I was at the grocery store last week buying anniversary cards for my husband and in-laws. After making my selections, I turned to walk down the aisle and glimpsed the holiday card section.

Pink . . . crap. Mother’s Day . . . crap.

“Nope,” I whispered and quickly walked by, looking straight ahead. Once home, I immediately informed my husband he had to buy his own Mother’s Day cards this year, I couldn’t do it. No way. The thought of standing in front of that screaming pink wall of mom love was too much. It had public breakdown written all over it.

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I knew the day was coming, but the idea of it hadn’t locked into my brain yet. It was jumbled up with thoughts of our mini-vacation prep, an upcoming concert date, girls’ night out plans, and all the other daily noise. Then the greeting cards appeared and brought the date front and center. At first, I felt like I was forgetting to do something, then the suck cameI didn’t need to buy a Mother’s Day card this year. I didn’t need to shop for a gift or pick out flowers.

It was just another reminder that my mom is missing from the table.

You see, I haven’t felt the constant ache some people talk about after losing someone. I’ve only cried a handful of times since the service. I’ve never accidentally picked up the phone to call her. To be honest, I’m relatively at peace with the situation. When I realized these things a while back, I began to wonder if something was wrong with me. Shouldn’t I feel more? Shouldn’t I be more upset? A consummate Sagittarius, I had to get to the bottom of my seemingly lackluster grief experience. And I did.

Think of a wedding reception. There’s the immediate family table, the friends’ table, the aunts’ and uncles’ table, the co-workers’ table. You’ve invited those people because they fill a particular niche in your life, they inhabit a unique space. For me, when I want to be told only what I want to hear, I call my best friend. When I need objective, sometimes ugly, truth and sage advice, I talk to my sister. When wife life and motherhood get to be a grind, I have dinner and (several) drinks with my girlfriend. Well, my mom occupied one of those seats and filled a huge space at the family table.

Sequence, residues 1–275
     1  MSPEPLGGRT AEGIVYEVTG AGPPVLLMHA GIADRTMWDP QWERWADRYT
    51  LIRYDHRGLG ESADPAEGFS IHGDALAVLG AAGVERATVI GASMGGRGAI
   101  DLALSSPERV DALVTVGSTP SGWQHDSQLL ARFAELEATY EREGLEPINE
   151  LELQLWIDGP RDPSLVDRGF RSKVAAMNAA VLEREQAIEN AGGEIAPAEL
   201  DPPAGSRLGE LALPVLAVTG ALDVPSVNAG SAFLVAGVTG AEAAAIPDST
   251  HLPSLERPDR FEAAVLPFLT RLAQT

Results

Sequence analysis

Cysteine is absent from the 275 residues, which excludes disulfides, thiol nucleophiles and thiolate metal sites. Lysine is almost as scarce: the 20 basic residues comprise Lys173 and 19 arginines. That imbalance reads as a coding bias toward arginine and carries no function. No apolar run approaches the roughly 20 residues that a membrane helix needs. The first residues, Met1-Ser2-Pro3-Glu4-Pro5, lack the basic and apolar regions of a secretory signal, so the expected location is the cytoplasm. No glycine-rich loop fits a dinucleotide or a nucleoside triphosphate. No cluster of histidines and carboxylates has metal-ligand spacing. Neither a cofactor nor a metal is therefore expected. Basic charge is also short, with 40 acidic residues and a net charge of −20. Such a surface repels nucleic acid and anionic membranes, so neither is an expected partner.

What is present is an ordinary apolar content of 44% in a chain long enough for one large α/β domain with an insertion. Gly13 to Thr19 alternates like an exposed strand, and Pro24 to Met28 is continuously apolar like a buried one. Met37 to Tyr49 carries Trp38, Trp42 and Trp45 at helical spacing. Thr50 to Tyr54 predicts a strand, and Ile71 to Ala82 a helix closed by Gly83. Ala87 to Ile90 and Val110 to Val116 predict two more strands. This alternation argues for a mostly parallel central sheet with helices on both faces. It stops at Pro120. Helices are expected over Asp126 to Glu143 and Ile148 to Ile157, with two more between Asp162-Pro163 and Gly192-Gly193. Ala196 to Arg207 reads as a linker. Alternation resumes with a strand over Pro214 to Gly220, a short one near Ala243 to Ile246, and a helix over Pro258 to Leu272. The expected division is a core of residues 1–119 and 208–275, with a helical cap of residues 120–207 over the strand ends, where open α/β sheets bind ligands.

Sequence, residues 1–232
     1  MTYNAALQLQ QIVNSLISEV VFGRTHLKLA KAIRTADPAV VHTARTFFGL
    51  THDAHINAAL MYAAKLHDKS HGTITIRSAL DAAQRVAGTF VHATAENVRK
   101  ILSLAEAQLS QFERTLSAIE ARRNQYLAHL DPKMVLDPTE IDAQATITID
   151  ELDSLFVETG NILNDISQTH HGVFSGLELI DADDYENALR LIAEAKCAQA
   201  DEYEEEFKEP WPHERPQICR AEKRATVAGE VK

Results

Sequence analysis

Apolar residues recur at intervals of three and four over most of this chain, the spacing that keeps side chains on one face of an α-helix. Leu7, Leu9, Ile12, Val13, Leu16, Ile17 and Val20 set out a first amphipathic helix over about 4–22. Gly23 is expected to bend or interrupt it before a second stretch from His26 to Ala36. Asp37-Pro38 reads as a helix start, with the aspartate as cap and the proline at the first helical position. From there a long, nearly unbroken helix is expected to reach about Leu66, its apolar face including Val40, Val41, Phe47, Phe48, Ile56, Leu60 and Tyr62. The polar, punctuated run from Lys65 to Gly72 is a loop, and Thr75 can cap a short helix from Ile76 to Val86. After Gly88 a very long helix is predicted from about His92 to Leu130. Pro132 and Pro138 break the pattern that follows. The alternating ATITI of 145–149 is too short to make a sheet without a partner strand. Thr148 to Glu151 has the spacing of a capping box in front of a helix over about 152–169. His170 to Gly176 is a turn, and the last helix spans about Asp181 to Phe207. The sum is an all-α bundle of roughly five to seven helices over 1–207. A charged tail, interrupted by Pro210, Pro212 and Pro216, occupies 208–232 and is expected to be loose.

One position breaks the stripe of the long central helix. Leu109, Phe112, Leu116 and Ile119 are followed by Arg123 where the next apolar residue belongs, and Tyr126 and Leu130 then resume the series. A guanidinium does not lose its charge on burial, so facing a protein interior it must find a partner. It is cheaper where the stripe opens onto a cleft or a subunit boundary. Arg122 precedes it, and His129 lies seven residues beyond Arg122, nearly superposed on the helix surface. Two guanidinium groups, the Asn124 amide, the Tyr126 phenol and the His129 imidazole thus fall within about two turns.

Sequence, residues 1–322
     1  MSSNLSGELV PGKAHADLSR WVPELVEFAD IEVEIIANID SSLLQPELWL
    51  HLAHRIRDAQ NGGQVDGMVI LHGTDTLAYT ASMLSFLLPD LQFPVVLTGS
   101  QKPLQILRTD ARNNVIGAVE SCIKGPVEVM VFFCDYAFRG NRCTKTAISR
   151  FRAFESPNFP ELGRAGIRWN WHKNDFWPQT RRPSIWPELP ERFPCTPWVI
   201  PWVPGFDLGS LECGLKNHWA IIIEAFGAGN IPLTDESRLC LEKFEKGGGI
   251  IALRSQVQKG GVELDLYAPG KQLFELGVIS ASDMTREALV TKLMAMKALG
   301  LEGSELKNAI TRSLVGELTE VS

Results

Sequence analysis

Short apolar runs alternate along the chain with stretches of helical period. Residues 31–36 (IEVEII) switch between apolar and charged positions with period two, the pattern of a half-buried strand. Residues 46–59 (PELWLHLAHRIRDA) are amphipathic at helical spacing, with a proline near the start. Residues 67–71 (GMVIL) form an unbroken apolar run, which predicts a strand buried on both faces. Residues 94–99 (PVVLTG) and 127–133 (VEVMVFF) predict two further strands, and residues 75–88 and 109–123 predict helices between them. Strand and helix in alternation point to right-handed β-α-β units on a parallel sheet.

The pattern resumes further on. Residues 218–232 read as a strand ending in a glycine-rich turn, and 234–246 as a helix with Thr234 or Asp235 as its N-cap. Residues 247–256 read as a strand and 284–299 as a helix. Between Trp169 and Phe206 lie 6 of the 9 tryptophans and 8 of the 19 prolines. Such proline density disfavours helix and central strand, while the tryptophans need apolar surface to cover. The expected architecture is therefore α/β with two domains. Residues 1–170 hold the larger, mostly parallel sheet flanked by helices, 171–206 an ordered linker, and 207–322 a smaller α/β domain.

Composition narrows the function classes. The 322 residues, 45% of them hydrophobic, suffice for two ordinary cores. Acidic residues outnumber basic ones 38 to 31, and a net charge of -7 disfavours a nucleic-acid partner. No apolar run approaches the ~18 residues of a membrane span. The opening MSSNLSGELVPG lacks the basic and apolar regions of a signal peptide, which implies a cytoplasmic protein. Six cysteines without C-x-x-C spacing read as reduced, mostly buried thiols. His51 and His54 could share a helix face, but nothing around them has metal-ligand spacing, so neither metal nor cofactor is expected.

I loved the way she would ask after my son during our morning phone calls, “So, how’s my baby doing today?” She found humor in all of his antics, even the naughty ones. I could count on her for a good complaint session, especially when it came to men. She was an excellent gift-giver, thoughtful right down to the ribbons, but the best was her excitement and joy in giving it.

Family gatherings never seemed complete until Mom showed up.

You might be treated to a colorful commentary about their latest community center event or a fiery tirade about the snippy receptionist at the doctor’s office. And there was always nonsense and silliness in abundance, from her words to her gestures. Goofy nicknames. Little jigs through the house. Her vocabulary alone prompted my sister and me to write a book of her sayings as a Mother’s Day gift one year. After flipping through several pages she asked, “Is this a book of all the stupid stuff I say? God, I didn’t know you kids were listening so close.” Absolutely Mom, every single word.

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So I guess mine is a quieter grief, a sense of unfilled space. Small remembrances and passing thoughts of “Oh, right, that doesn’t happen anymore.”

I think my serenity comes from having been a daily part of her journey from life to death, right up to the last breath. It wasn’t sudden or unexpected, we knew the problem and the end result. And the day of her passing was thankfully one of peace and calm. There was no struggle, just a quiet letting go.

Without question, I miss my mom terribly. The sorrow will always be there, sometimes a roar and other times a whisper. But I also know that even though she left the table, she’ll never leave the room. 

Originally published on the author’s Facebook page

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Andrea Bartman

I'm a wife and stay-at-home mom of two rough and tumble boys, attempting to navigate all the mid-life messiness.

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